GRETA VAN SUSTEREN, FOX NEWS HOST: Boston police commissioner calling the bomb sight one of the most well-photographed areas in the country. Now the FBI is using facial recognition technology to try to find the killer. Paul Schuepp is a CEO and president of Animetrics. Paul, there are apparently photos of persons of interest. Explain if there’s good lighting and a front-on look of the suspect or the person of interest, how does your technology work?
PAUL SCHUEPP, CEO AND PRESIDENT OF ANIMETRICS: Hi, Greta, thanks. Well, face recognition basically takes a photograph and tries to reduce that photograph to a biometric template for searching in a database. So the key is dealing with that photograph, and the quality of that photograph and how much of the face that you see.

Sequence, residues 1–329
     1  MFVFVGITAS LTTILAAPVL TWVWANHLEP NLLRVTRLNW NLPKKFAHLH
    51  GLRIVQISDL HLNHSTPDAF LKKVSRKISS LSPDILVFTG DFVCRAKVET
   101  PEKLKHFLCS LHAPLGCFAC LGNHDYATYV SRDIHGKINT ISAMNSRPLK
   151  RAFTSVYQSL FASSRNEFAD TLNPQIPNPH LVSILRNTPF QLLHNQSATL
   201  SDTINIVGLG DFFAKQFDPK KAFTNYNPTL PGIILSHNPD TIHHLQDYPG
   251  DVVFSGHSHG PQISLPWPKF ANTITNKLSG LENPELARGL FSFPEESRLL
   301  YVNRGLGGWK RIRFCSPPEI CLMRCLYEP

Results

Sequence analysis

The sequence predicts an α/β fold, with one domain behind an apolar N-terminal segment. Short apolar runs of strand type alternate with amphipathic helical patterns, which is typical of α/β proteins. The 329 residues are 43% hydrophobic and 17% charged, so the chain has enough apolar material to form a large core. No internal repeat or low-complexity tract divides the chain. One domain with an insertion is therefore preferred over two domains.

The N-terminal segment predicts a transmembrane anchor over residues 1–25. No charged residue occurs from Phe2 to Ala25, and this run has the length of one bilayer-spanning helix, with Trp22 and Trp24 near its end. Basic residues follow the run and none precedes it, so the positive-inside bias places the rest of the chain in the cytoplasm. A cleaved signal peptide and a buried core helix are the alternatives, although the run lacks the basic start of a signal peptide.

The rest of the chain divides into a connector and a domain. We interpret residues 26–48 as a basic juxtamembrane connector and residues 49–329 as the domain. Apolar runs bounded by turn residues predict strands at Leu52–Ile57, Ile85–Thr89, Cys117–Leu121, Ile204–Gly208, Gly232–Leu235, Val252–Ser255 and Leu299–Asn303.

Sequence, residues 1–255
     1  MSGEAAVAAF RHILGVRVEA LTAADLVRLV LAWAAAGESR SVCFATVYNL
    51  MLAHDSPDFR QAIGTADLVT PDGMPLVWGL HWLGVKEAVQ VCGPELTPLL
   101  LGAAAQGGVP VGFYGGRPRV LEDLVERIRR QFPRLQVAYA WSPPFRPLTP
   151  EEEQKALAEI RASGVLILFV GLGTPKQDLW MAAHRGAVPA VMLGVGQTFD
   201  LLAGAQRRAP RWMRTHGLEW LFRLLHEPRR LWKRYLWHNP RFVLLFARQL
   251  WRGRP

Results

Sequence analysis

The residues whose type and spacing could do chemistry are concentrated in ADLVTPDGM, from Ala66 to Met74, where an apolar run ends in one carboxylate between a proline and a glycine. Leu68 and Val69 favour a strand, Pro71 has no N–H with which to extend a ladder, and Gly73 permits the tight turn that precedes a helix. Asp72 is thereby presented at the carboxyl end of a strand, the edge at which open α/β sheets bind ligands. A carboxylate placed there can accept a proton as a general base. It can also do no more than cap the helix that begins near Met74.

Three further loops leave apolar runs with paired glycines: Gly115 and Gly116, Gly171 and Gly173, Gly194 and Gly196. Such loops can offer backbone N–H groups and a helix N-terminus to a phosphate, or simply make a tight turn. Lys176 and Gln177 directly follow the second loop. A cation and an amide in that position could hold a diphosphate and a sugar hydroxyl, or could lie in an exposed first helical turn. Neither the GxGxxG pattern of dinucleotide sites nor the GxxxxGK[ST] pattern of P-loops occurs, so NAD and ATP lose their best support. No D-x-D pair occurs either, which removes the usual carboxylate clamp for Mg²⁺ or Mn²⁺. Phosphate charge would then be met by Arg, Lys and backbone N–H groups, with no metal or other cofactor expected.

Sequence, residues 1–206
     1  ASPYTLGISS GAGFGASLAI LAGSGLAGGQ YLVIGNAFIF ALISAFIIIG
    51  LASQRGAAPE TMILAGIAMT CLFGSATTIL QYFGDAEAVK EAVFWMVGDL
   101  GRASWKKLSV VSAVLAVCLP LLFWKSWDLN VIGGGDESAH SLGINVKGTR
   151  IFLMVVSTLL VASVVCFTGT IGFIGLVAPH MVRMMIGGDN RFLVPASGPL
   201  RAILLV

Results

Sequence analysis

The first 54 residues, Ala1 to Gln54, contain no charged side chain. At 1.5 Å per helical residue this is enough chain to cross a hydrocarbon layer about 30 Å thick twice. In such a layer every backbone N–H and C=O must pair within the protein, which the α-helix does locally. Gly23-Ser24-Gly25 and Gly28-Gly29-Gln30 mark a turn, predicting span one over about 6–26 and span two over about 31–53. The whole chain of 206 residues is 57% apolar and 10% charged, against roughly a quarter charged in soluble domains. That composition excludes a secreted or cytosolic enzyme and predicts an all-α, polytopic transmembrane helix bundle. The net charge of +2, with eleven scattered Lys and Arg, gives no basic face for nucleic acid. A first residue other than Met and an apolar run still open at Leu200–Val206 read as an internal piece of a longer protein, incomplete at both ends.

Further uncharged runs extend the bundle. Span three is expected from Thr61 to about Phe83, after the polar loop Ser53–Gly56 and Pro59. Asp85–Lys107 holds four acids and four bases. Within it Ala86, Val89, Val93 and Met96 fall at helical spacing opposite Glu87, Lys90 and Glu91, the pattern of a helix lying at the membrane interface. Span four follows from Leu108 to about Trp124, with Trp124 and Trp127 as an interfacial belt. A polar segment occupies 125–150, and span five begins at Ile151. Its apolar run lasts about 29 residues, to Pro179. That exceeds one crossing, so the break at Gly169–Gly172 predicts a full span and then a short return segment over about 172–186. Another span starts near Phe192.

VAN SUSTEREN: So how precise is it? I assume you have to have a photograph to compare it to. But what’s the level of certainty that you can make any identification with it?
SCHUEPP: So, it’s very dependent, again, on the input, the probe looking at that picture. If you have a good frontal of a face, you are going to get a very high statistic potential in matching in a large database, upwards of the high 90 percent with a very small false to separate. So that’s important.